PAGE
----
In the past ten years, Toyota has deployed up to 200 employees, mainly in the East Bridge-Fuji Research Center near Mount Fuji. The company has made great strides in using solid-state batteries to power digital clocks, two-wheeled scooters, and conveyor belts, and then tested the technology on a modified version of its single-seat low-speed car COMS.

Shih Hsien Ho, the former Toyota manager at LIBTEC, said the car is more of an incentive for researchers than a means of transportation.

Ford's Miller said that because many existing electric vehicle battery manufacturers focus on increasing production and reducing costs, Toyota's main challenger may be a group of US start-ups. Considering this possibility, Volkswagen spent $100 million last year to acquire it.

Ford's Miller said that because many existing electric vehicle battery manufacturers focus on increasing production and reducing costs, Toyota's main challenger may be a group of US start-ups. Taking into account this possibility, Volkswagen spent $100 million last year to increase its stake in Quantumscape. Quantumscape was founded by former Stanford University researchers and is headquartered in San Jose, California.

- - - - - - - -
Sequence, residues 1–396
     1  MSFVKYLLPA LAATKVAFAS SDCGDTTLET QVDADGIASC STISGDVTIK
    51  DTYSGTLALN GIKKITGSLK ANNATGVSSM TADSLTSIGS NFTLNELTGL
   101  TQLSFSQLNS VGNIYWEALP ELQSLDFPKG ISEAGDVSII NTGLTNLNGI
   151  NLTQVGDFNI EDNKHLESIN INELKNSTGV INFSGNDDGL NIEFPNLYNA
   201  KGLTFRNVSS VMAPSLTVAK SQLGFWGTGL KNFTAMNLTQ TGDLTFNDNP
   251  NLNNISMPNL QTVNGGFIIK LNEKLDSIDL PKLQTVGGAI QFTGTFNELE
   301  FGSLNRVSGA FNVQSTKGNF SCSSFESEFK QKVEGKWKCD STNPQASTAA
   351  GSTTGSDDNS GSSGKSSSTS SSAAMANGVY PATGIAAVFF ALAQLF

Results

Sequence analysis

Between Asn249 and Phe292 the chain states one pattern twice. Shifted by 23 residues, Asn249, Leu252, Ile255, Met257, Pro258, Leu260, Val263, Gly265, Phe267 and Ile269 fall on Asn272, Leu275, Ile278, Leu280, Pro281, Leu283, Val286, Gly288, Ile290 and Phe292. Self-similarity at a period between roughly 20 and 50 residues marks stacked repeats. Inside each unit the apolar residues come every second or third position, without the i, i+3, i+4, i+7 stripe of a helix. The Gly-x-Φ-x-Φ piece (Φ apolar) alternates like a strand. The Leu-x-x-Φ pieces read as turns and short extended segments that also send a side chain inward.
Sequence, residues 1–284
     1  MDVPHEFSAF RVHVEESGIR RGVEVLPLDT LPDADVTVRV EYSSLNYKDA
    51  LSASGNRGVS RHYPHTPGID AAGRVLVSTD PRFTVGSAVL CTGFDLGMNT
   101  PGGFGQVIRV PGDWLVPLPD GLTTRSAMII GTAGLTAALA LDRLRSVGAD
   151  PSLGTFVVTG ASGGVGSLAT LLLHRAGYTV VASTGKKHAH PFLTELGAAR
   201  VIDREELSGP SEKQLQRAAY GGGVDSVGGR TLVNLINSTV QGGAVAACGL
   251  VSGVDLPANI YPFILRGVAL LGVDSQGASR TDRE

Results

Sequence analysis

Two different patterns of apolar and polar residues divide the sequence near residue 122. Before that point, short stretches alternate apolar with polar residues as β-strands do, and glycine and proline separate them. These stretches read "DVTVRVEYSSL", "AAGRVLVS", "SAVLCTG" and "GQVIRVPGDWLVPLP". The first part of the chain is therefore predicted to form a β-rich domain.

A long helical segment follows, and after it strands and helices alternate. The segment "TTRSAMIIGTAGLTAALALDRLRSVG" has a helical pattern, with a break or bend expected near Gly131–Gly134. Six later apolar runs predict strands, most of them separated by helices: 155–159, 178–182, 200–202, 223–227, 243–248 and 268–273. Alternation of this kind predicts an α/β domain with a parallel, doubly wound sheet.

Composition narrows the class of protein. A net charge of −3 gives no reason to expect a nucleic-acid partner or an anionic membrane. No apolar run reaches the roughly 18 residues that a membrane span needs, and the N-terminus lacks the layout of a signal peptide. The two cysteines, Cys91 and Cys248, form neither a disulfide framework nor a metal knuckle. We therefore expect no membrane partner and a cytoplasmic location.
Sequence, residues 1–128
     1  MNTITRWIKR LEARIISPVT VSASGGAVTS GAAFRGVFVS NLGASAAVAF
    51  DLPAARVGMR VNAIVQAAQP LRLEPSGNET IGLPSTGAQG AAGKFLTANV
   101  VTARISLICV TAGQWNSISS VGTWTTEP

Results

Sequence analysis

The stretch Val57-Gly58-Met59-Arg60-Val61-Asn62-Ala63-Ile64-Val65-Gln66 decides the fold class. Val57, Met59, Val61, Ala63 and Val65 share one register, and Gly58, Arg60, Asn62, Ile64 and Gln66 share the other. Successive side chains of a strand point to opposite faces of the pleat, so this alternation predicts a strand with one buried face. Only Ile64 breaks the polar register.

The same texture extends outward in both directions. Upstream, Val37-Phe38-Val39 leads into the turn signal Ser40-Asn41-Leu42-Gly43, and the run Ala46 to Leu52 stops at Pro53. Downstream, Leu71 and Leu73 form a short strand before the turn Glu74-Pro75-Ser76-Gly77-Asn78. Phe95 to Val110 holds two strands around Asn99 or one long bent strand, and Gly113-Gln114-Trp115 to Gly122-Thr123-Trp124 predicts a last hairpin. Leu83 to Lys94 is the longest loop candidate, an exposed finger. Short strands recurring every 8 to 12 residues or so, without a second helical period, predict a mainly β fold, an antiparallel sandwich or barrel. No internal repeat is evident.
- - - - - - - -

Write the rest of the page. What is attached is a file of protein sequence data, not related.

IonicMaterial, based in Woburn, Mass., said Sun Microsystems co-founder Bill Joy and venture capital funds consisting of automakers Renault SA, Nissan and Mitsubishi. Its supporters.

At a forum in Osaka, Japan, in October 2018, Hu Qichao, CEO of SolidEnergy Systems, a divested subsidiary of the Massachusetts Institute of Technology, said it expects to begin solid-state battery testing of electric vehicles after 2021.

SolidPower, a battery company based in Louisville, Colo., has been developing a partnership with BMW AG since December 2017. Its chief executive, Doug Campbell, said he believes solid-state battery technology will be commercially viable in the automotive sector, but may not have to wait five to ten years.

Campbell said: "I will not say that we have no challenges ahead. But I am confident that these challenges can be overcome without miracles."